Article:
Discobolus of Myron (discus thrower) was a bronze statue, attributed to ancient Greek sculptor Myron, dating to 460-450 B.C.. The original sculpture is now lost, but, in antiquity, it stood at the Acropolis of Athens. It depicts an athlete in the momentum of throwing the discus. A statue, inspired by the sport of discus, which the first element of the ancient pentathlon, made of casted alabaster.
Dimensions: 12,5 cm x 21,5 cm x 7 cm
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The Diskobolus of Myron (discus thrower) is a Greek sculpture, which was attributed to the sculptor Myron, that is dating towards the end of the Classical period, around 460-450 B.C.. The original greek bronze statue is lost, but there are numerous Roman copies in marble, or smaller scaled versions in bronze.
The statue portrays an athlete caught mid-swing as he prepares to throw his discus. The musculature of his body is beautifully incised, but there is very little emotion shown in the discus thrower's face. Like the ancients Greek athletes, the Discobolus is completely nude. Discus-throwing was one of the five elements in the ancient pentathlon, and the physical appearance of the pentathletes was much admired in ancient Greece.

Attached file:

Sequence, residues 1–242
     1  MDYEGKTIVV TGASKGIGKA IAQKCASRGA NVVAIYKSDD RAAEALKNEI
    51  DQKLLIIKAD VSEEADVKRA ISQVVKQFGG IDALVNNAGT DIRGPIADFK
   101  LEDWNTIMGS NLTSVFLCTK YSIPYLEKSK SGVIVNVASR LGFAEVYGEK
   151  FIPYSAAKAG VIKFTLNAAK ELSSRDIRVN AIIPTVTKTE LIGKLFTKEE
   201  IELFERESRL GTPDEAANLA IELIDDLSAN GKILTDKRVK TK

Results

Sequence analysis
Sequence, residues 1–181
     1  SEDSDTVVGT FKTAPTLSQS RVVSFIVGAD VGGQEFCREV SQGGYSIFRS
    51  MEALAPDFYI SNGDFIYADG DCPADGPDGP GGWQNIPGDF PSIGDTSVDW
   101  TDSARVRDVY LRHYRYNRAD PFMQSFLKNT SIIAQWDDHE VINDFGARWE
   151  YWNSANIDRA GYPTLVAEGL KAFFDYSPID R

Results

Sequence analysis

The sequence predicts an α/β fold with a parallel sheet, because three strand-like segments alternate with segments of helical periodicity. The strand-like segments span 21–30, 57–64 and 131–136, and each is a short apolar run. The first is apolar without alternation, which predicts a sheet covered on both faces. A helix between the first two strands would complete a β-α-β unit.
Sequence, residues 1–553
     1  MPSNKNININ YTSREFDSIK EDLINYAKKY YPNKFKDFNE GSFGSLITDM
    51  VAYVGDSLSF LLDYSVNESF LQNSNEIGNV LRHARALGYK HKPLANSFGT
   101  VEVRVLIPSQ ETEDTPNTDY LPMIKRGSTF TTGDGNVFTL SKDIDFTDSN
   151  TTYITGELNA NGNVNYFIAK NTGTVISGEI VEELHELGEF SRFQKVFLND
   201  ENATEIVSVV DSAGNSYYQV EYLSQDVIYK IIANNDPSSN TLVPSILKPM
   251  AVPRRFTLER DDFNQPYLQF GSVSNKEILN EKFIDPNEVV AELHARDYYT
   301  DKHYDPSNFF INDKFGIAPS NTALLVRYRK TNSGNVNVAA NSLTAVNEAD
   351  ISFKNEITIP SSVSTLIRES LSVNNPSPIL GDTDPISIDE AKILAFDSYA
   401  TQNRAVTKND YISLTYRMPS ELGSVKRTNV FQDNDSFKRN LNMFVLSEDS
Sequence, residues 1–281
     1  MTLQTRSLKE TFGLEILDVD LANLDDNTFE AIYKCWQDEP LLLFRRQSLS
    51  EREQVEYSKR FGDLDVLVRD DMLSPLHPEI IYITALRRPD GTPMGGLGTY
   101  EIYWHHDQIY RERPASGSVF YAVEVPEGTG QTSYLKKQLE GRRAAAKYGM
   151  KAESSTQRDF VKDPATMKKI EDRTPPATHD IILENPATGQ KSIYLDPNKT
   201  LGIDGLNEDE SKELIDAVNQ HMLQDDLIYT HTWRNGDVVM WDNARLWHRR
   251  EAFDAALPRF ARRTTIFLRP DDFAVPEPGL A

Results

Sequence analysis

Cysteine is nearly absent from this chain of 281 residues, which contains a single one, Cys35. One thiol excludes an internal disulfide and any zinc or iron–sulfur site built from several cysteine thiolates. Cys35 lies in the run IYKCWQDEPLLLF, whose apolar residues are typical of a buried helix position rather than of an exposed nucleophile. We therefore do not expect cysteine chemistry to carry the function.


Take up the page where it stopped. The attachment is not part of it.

The lost ancient statue stood in the Acropolis of Athens, but several copies are exhibited at the National Museum of Rome in Italy and at the British Museum, in London.
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